Iraq Occupation Erodes Bush Doctrine
The War on Terrorism
Bush turned his sights on Iraq within weeks of the war in Afghanistan. "Iraq continues to flaunt its hostility toward America and to support terror," he said in the 2002 State of the Union address. He added later: "The price of indifference would be catastrophic."
Whatever the merits of deposing Hussein, foreign and domestic polls now consistently show that the failure to find concrete evidence of significant ties or joint actions between the Iraqi leader and al Qaeda has dissipated international support for the United States and generated skepticism at home about the benefits of the Iraq war.
The Iraq war may even have hurt U.S. efforts to combat terrorism, analysts say, noting the increase in car bombings, hostage abductions and beheadings in Iraq as well as oil-rich Saudi Arabia. "We have assisted al Qaeda in recruiting fresh adherents by the war in Iraq and the antagonism it's generated," Hoge said.
The administration is "drifting," Carpenter said. It "clings to the idea of state-sponsored terrorism as a motive for the Iraq war, but it was wildly off the mark," he said. "Afghanistan continues to be the real central front, to the extent there is a front at all."
U.S. officials say waging war in Iraq was vital to eliminate a refuge for extremists after Afghanistan.
Early supporters of administration policy also say the problem is not with the principles, but with their implementation. Any government has limited chances to enact policy, and early setbacks in execution can lead the public or policymakers to back away even if the ideas remain valid, Kristol said.
The most ambitious aspect of Bush doctrine is pressing for political and economic reform in the Islamic world, the last bloc of countries to hold out against the democratic tide that has swept much of the rest of the world. Iraq was to be the catalyst of change.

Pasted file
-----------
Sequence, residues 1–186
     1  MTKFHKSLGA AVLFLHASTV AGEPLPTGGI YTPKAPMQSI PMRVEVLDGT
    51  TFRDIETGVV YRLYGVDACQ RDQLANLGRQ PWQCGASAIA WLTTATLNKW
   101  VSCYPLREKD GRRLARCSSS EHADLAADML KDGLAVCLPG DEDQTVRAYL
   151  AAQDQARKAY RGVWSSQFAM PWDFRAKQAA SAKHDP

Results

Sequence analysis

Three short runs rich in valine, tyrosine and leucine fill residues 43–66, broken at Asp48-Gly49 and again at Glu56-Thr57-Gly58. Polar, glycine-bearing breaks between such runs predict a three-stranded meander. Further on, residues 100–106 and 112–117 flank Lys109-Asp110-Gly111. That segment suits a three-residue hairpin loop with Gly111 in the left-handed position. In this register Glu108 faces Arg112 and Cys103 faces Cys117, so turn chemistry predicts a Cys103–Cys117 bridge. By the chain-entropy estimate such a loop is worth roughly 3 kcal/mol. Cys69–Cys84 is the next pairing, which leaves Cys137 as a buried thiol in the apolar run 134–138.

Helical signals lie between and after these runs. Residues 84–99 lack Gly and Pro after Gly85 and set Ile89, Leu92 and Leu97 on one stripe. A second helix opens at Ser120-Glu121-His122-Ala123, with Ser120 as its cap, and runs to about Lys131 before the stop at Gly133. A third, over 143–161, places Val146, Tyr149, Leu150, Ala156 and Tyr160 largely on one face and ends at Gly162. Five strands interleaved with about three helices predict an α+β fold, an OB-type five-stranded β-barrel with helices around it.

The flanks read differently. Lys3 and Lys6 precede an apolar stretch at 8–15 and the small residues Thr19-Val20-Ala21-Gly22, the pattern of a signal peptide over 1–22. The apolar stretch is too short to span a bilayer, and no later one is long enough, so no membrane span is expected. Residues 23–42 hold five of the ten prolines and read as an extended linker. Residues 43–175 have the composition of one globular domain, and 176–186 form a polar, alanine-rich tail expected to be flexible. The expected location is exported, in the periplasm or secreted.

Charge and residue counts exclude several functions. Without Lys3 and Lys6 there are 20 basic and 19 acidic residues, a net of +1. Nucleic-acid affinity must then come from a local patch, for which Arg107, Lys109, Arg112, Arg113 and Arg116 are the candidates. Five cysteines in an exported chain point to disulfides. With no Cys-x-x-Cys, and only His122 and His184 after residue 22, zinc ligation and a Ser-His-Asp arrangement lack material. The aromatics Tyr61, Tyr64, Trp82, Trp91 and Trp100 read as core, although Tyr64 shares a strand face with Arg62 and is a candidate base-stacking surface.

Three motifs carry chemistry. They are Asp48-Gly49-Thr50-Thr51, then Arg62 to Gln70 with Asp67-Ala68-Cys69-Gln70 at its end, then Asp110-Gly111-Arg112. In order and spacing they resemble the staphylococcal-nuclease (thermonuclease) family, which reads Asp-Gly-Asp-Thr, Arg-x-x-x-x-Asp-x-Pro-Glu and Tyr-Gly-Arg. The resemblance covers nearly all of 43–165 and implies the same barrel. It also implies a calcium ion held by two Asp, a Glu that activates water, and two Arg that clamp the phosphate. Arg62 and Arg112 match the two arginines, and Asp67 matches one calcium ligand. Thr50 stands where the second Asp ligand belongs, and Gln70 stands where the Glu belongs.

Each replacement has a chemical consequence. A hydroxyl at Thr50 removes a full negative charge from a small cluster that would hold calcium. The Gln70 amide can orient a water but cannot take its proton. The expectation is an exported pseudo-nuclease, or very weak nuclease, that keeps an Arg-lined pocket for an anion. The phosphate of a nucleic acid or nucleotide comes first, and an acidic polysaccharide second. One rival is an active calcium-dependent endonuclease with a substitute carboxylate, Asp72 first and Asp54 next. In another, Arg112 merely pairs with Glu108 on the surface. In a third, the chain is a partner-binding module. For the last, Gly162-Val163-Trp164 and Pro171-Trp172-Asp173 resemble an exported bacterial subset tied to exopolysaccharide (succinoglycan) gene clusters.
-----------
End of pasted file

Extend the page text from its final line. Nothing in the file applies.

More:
"Iraqi democracy will succeed -- and that success will send forth the news, from Damascus to Tehran -- that freedom can be the future of every nation. The establishment of a free Iraq at the heart of the Middle East will be a watershed event in the global democratic revolution," Bush said in a November 2003 speech to the National Endowment for Democracy.
Although the administration is still pushing its new democracy initiative for the wider Middle East, Muslim disillusionment with the United States over Iraq has deeply hurt this goal, analysts warn. Democratic and Republican foreign policy experts almost unanimously predict that progress will be much slower than expected even six months ago.
"The idea that the Middle East can be repaired by external intervention has been seriously damaged. And the ideas of reform are going to be a much harder sell after Iraq," said Moises Naim, editor of Foreign Policy magazine.
After six decades as the main mediator in the region, the United States may also be losing its standing as an honest broker because of Iraq and the U.S. failure to fulfill promises to end the Israeli-Palestinian conflict, Naim said.
The Iraq intervention also discredited the president's approach to regional peace. "The administration argued that if you removed the security threat in Iraq, you'd improve the chances of solving the Arab-Israeli conflict -- that the road to Jerusalem went through Baghdad. If anything, we learned it's just the other way around," Hoge said.
Supporters of the administration's efforts argue that promoting democracy is the oldest goal in U.S. foreign policy worldwide, dating back more than 200 years. Whatever the current problems, they contend, it will remain a top goal -- particularly in the Islamic world as a key to countering extremism.
The overall impact of policy challenges in Iraq, analysts say, is that the Bush White House has been forced back to the policy center or scaled back the scope of its goals. They cite the president's appeal for NATO assistance and cutbacks in the democracy initiative.
"It's a lesson in hubris," Carpenter said. "The administration thought it had all the answers, but it found out through painful experience that it did not."
Yet administration supporters say Iraq has not produced backtracking or policy reassessment. "Enormously sharp distinctions are being made between different policy views, which are largely artificial," Kagan said. "There was an enormous consensus going into this war and there's a consensus now about what needs to be done. So we are having a huge, vicious debate, and yet I'm not sure what the debate is about."
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